Thomas Gray: Biography & Poems

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  • 0:00 Thomas Gray's Early Life
  • 2:30 Thomas Gray's Rise to Fame
  • 4:58 A Poet Tied to Sensibility
  • 6:07 Lesson Summary
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Lesson Transcript
Instructor: Kara Wilson

Kara Wilson is a 6th-12th grade English and Drama teacher. She has a B.A. in Literature and an M.Ed, both of which she earned from the University of California, Santa Barbara.

Thomas Gray was an 18th-century scholar and poet most famous for his poem 'Elegy Written in a Country Churchyard.' Unfortunately, he died leaving much of his work unfinished. Discover more about Gray's life and works in this lesson.

Thomas Gray's Early Life

Thomas Gray was an English poet who lived from 1716-1771 and is best known for poems like Elegy Written in a Country Churchyard. That poem, along with many others written by Gray, is an English lyric poem, or an emotional, song-like poem.

Thomas Gray was the only surviving child out of twelve. His father was a scrivener or clerk, but he was abusive to his wife. Gray's mother ran a millinery business. Gray attended Eton College, where he befriended other boys who preferred poetry to sports. This quieter lifestyle fit Gray, and he kept it as an adult, enjoying time to study and keeping up with only a few friends.

In 1734, Gray began attending Peterhouse College at Cambridge University. However, when he left in 1738, he had not earned a degree. The following year, he embarked on a European adventure, traveling through France, Switzerland and Italy with one of his childhood friends. Much of the trip was paid for by his friend, and in 1741, they had a falling out. Gray returned to England. In 1745, the two estranged friends finally settled their dispute.

In 1742, a childhood friend who Gray met at Eton College died of tuberculosis at the age of 24 and it deeply affected him. But Gray continued to write poetry, most notably Ode on the Spring, Hymn to Adversity and Ode on a Distant Prospect of Eton College. These poems were expressive and sometimes melancholy. In the autumn of 1742, Gray returned to Peterhouse College and in 1743, Gray earned a Bachelor of Civil Law degree, though he never practiced law. He stayed at Cambridge to study Greek. He was never satisfied with his writing, often rewriting poems multiple times and rarely feeling happy with the results. Consequently, he left much of his work unfinished.

In 1747, Ode on a Distant Prospect of Eton College was published, and the following year, Ode on the Spring was also published, but neither poem received much attention.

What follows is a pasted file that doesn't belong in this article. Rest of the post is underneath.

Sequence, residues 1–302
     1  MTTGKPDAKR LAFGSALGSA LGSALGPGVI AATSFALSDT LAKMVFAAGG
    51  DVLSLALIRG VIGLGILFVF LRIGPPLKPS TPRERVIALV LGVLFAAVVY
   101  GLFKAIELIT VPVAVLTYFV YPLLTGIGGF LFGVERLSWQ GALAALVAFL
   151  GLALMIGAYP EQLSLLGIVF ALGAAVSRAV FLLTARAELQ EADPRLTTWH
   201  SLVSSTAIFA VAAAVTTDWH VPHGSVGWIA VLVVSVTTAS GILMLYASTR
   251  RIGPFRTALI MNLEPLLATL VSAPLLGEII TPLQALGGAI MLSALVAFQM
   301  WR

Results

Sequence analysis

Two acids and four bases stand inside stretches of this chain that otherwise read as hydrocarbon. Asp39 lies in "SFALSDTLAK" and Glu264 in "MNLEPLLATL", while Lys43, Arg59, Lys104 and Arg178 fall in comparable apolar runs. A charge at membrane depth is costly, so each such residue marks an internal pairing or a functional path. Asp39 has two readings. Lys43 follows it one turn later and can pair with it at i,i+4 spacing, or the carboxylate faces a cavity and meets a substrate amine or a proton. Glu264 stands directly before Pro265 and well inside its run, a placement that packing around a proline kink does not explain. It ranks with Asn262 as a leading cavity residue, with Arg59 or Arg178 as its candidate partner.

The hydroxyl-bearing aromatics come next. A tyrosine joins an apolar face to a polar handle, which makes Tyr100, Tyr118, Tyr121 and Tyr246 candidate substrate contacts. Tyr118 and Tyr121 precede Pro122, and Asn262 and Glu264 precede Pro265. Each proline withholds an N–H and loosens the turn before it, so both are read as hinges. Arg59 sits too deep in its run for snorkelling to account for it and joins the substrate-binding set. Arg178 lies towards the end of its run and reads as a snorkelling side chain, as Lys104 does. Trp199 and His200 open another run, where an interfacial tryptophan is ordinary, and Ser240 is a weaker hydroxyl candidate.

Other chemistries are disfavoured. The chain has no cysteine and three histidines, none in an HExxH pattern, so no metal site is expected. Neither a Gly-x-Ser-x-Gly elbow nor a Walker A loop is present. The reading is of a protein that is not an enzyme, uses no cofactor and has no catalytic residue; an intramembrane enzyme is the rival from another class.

Thomas Gray's Rise to Fame

In 1751, Gray finally received recognition when Elegy Written in a Country Churchyard was published. It immediately received a great deal of attention. The poem is an elegy, which is a thoughtful lyric poem mourning the loss of a beloved person or public figure. The poem honors generations of humble and unknown villagers buried in a church cemetery. The concept of recognizing such common people was quite original. The theme, or main message of the poem, is that the lives of both the rich and the poor lead to the same place: the grave. Though others had touched on this idea, Gray not only conveyed this, but he also suggested that the death of all men and of the poet himself should be mourned. Therefore, the poem's universal appeal attracted attention from a variety of people.

Although Elegy Written in a Country Churchyard made Thomas Gray famous, his lifestyle did not change much. He stayed at Peterhouse until 1756 and then moved to Pembroke College. He wrote The Progress of Poesy and The Bard, two odes, which are lyric poems expressing a strong feeling of love or respect for someone or something. Both were published in 1757. Unfortunately, they were greatly criticized, and Gray was so disappointed that he almost stopped writing. That same year, Gray was offered recognition as a Nobel laureate, but he turned it down.

In 1759, the British Library opened, though it was then known as the British Museum, and he moved to London to study there. He later worked as a modern history professor at Cambridge in 1768, though he never gave any public lectures.

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